The Four Money Lessons I Will Absolutely Teach My Children

The Four Money Lessons I Will Absolutely Teach My Children

by Alonzo on July 21, 2016

Growing up, dinner table conversations never revolved around financial matters. There were no debates about the best ways to save money or discussions on how to pick the best stocks for long term success. Unfortunately, the school of hard knocks became my best teacher.

That’s one of the reasons I vow that my kids will understand the rules of money right out of the gate. So, what advice will I pass on to my children before they venture out into the real world?

Become an owner

Think about it. The richest people in America made their fortunes through ownership. Warren Buffet became rich by way of stocks. Donald Trump rode the real estate train to wealth, while Oprah built a business empire on her way to becoming one of the wealthiest women on the planet.

We’ve been fed the myth that a good 9 to 5 job is the surest way to wealth. Yet, with the exception of the occasional CEO, the way to true wealth is always through ownership.

In America, financial prosperity is linked to ownership, whether it’s ownership of stocks, bonds, real estate, an interest in another business, or even ownership of your own business.

Unfortunately, we’re trained to be consumers rather than owners. We’d rather buy Apple iPhones than purchase Apple stock. We’d rather let others build businesses than start our own.

My children will understand that owners major in wealth, while consumers major in debt. The richest people in the world didn’t get wealthy by mastering the art of consumption.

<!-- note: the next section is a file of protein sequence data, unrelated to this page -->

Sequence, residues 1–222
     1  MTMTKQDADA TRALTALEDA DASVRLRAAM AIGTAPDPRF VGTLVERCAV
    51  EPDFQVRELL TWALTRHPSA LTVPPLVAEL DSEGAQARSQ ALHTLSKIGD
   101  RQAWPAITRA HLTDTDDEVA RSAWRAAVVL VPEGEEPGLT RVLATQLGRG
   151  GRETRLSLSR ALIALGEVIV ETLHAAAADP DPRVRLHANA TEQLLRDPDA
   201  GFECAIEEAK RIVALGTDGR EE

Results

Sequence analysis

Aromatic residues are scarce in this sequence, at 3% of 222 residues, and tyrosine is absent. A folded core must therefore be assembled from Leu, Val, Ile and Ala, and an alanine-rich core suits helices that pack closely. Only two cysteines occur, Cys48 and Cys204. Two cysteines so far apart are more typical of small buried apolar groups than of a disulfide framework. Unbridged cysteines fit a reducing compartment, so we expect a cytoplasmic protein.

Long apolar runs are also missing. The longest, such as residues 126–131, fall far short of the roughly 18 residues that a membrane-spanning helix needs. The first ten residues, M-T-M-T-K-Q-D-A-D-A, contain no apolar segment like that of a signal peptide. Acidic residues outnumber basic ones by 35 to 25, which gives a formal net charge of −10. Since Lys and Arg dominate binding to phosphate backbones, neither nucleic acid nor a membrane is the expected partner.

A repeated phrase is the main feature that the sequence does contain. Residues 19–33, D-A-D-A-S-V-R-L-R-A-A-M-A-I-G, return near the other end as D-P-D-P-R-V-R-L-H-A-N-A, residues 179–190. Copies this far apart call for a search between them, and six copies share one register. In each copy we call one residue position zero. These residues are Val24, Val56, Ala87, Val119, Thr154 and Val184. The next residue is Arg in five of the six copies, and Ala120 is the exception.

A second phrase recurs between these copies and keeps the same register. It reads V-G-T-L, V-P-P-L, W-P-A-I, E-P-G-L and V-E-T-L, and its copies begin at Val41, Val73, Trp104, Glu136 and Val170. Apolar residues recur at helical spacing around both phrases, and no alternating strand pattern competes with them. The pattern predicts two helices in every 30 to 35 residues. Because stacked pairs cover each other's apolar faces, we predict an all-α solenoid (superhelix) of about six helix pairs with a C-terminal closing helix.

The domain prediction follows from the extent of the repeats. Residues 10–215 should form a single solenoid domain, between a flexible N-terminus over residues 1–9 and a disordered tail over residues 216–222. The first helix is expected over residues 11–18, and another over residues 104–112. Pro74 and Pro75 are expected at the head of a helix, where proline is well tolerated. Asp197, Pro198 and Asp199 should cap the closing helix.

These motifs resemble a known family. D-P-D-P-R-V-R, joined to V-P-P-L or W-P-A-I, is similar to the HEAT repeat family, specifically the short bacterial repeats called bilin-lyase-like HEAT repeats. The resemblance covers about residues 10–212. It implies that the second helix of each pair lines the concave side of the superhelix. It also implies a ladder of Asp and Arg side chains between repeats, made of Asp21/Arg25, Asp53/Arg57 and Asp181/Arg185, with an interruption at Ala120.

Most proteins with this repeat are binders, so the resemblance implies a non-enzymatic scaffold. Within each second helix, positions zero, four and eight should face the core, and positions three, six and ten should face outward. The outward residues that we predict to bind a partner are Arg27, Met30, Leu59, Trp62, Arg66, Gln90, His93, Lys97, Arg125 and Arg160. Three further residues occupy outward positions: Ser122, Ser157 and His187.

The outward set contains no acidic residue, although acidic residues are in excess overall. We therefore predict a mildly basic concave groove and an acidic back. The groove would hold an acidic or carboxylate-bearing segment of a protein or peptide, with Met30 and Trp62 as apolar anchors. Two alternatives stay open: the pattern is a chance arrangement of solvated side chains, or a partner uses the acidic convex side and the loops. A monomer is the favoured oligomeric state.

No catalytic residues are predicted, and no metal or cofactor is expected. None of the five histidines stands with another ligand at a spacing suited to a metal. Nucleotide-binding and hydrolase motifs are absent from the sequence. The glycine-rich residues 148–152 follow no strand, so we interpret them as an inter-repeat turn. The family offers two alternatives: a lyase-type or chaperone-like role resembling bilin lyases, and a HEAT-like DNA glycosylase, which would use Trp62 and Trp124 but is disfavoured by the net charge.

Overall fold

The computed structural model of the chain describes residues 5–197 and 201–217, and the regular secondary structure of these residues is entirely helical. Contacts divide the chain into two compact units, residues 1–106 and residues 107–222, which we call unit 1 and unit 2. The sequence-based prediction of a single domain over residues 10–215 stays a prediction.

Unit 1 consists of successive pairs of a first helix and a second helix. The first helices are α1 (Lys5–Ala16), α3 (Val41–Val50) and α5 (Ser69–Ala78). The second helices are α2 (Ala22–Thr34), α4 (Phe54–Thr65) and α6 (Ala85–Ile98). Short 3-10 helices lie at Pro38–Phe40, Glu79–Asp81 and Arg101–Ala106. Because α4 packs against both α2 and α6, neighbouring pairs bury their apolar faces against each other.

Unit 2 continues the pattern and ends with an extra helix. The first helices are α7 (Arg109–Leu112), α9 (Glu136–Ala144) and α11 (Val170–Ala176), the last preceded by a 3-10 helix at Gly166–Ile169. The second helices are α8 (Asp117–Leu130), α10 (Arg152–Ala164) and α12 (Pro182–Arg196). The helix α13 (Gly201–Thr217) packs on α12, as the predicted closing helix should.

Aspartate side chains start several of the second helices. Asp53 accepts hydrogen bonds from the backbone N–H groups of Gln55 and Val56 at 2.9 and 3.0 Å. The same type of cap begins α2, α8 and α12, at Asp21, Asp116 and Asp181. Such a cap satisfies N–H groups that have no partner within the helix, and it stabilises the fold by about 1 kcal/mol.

And how exactly will they become part of the ownership society? I’ll teach them to spend less than they make, while using what’s left over to invest in wealth building ownership assets.

Resist the urge to follow the crowd

Most people are not wealthy. So why then do we follow the examples of the people around us? I admit, following the the crowd is easy. It requires little thinking and less effort. But, following the crowd is the surest path to financial disaster.

My kids will understand that becoming financially fit isn’t hard, but it isn’t easy either. You must be willing to do what the crowd refuses: track your spending, follow a budget, avoid buying on credit, and save and invest a percentage of your income.

Financial guru Dave Ramsey sums it up best when he suggests that we, “Live like no one else today, so we can live like no one else tomorrow.”

Master the art of self control

“God has equipped you to handle difficult things. In fact, He has already planted the seeds of discipline and self-control inside you. You just have to water those seeds with His Word to make them grow!” – Joyce Meyer

The greatest challenge to financial freedom is self-control. The lack of self-control has us buying items we can not afford and purchasing things we really do not need. The ability to delay gratification and to distinguish a “want” from a “need” are crucial skills all parents should pass on to their childen.

Don’t let your possessions define you

Too often our self-esteem is tied up in what we drive, who we wear, or where we live. This dangerous trap crushes any hopes of achieving financial freedom. We end up sacrificing financial stability for the fleeting validation that material possessions provide.

I will be sure that my children derive their self-worth from being competent, God-fearing, empathetic human beings, rather than from owning material possessions. This will free them up to become more concerned about the type of retirement account they own instead of the brand of car they sport.



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